July 30, 2004

It's the Content, Stupid

Newspaper readership and relevance comes down to one thing: Doing journalism in a way that connects strongly with readers to make them feel the newspaper is essential in some way to their lives.

What have American newspapers learned about content in the last few years, a period filled with hard warnings and harder numbers about declining circulation and a time in which there has never been more advice on how to stanch the bleeding?

Not much, it seems, given a study of newspaper content just released by the Readership Institute.

The Institute analyzed the content of 52 U.S. newspapers ranging in size from 10,000 to 1 million circulation and found a stultifying predominance of political and government news, a continuing lack of diversity, a reliance on staid writing formats and very little evidence these newspapers are offering readers information that enables them to act on what they learn in the paper.

Here are some bullet points from study:

> "Politics / Government and Sports make up nearly half of all stories. ... Stories about Ordinary People, Obituaries and Community Announcements combined comprise less than 5%. On Page 1, almost half the stories (about 45%) are about Politics / Government alone. > About 45% of all stories, but only about one third of the stories on the front page, come from wire or news services.
> The most common writing approach is straight news (i.e., inverted pyramid style).
> Most stories do not have go and do information.
> People mentioned in stories and shown in photographs are primarily White, non-Hispanic, older and male.
> Few stories directly address the reader; a large majority is written in the third person.
> About one-fifth provide author contact information.
> A very small number of stories directly solicit content or feedback from readers.

This is tragic. In the wake of the Readership Institute's benchmark study in 2000, which documented causes of readership decline and proposed an array of tactics to reverse it, publishers proclaimed that wooing younger, more diverse readers was a priority and editors' organizations focused on ways to change the content of their papers.

Much as been done since then, and many editors and publishers are working hard to challenge old ways of thinking and refocus their newsrooms and business operations on readers and on customers. But there are too few of them and too many others are not doing enough.

Good journalism is rooted in the coverage of communities, large and small. The Readership Institute study shows that newspapers as a whole still fail to reflect these communities. There is more to a community, more to life, than politics and government. Communities are not made up "primarily White, non-Hispanic, older and male" residents (although that does describe many newsrooms.) Communities are about interaction, connection and citizenship. A newspaper that offers none of those is not part of the community. Small wonder it is rejected as irrelevant.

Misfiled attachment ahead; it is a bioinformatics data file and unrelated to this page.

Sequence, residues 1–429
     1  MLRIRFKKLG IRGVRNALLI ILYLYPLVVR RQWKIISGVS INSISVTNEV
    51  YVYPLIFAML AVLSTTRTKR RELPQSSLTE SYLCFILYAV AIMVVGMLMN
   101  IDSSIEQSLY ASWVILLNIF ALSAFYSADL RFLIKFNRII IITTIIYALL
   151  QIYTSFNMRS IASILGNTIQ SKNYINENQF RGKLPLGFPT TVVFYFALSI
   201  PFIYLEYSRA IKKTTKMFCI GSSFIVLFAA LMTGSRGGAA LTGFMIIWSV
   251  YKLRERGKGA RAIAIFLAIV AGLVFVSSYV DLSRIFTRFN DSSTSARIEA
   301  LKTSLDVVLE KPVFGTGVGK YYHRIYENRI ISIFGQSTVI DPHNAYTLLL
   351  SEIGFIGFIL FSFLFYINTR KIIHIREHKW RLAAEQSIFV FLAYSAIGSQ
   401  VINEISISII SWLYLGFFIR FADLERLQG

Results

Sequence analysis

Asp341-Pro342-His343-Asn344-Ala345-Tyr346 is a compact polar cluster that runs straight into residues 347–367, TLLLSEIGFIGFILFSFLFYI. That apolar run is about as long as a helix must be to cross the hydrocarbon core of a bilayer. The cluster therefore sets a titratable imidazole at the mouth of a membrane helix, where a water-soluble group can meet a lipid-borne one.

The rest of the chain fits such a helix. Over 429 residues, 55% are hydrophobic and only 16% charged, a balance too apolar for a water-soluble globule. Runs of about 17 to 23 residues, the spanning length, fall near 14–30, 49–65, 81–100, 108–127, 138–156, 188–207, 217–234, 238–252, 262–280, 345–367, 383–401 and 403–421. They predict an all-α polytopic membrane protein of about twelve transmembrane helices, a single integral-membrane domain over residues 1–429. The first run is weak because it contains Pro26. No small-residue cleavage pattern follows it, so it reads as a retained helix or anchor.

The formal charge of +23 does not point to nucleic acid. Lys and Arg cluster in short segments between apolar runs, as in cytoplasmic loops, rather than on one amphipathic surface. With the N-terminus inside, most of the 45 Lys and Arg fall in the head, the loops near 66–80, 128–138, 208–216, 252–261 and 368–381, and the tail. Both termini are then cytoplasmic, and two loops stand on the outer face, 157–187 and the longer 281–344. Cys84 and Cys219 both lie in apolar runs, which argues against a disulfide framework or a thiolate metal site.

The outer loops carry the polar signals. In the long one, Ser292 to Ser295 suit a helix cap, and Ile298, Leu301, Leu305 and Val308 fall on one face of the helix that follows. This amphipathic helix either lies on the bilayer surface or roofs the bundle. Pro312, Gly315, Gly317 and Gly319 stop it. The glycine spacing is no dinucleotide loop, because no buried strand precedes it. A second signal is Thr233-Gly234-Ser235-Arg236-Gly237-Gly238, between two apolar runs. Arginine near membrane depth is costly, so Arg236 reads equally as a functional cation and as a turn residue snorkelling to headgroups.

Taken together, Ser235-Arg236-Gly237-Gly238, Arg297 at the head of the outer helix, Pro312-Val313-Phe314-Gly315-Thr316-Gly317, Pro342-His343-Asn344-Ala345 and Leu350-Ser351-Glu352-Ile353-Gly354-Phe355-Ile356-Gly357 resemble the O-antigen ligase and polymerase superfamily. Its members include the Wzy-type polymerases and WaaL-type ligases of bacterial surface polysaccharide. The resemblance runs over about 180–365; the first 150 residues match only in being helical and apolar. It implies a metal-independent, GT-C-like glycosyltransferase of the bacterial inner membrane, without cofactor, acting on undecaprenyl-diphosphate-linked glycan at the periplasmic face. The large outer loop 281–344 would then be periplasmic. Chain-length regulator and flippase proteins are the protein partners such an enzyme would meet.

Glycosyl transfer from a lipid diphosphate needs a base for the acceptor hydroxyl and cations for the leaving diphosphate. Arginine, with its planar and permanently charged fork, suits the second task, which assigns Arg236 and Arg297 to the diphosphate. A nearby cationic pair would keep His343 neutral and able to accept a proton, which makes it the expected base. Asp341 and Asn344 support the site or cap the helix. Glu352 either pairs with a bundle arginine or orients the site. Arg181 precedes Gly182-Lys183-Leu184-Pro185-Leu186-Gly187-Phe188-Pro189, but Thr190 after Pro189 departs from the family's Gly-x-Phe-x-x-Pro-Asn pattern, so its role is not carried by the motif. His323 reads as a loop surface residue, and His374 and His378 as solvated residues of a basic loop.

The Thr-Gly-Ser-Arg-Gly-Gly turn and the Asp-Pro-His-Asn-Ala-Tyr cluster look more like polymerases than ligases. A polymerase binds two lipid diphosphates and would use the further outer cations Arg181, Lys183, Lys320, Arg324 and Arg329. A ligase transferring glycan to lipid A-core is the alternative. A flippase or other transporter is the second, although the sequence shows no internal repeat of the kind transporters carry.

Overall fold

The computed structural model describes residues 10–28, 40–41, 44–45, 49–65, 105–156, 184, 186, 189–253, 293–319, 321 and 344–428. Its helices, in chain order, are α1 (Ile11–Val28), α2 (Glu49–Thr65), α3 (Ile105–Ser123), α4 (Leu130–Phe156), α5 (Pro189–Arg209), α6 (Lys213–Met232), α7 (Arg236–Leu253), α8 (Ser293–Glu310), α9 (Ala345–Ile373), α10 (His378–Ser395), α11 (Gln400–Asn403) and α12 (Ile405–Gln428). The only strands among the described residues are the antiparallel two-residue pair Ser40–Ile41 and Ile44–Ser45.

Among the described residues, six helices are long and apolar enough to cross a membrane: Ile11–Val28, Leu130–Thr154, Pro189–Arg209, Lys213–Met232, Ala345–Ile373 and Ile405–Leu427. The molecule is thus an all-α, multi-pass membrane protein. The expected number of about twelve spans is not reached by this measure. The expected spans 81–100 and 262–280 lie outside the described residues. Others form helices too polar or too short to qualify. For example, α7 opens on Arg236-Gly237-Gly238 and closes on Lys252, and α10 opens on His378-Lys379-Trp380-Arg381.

The lessons to be learned from this latest Readership are clear: More local stories, more people stories, more connection with readers, more diversity - in short, more innovation and less traditional thinking.

The Readership Institute has been saying this for five years. Is anyone listening?

Posted by Tim Porter at July 30, 2004 07:51 AM
Comments

As Waldman observed, in the life of an individual, the big news event is not who came in second in the Iowa caucus. Its the death of their parents, the birth of their child.

Telling stories the way only good writers can:
[Leopold Page spent years trying to persuade people to make a film about the man who had saved him and his wife from the Nazis. At last he found someone. Thomas Keneally tells how he stumbled on the story that became Schindler's List: Man to man] http://www.smh.com.au/text/articles/2004/07/30/1091080430505.html

Posted by: Jozef on August 1, 2004 05:35 AM

It's not just the content, it's also the trust. If the owner and/or publisher of a paper use the news pages as a Tech Central Station-style protein sheath to provide cover for the editorial payload, trust suffers, loyalty goes out the window, and the paper is perceived as a community problem rather than an asset.

Posted by: Anna on August 2, 2004 06:28 PM
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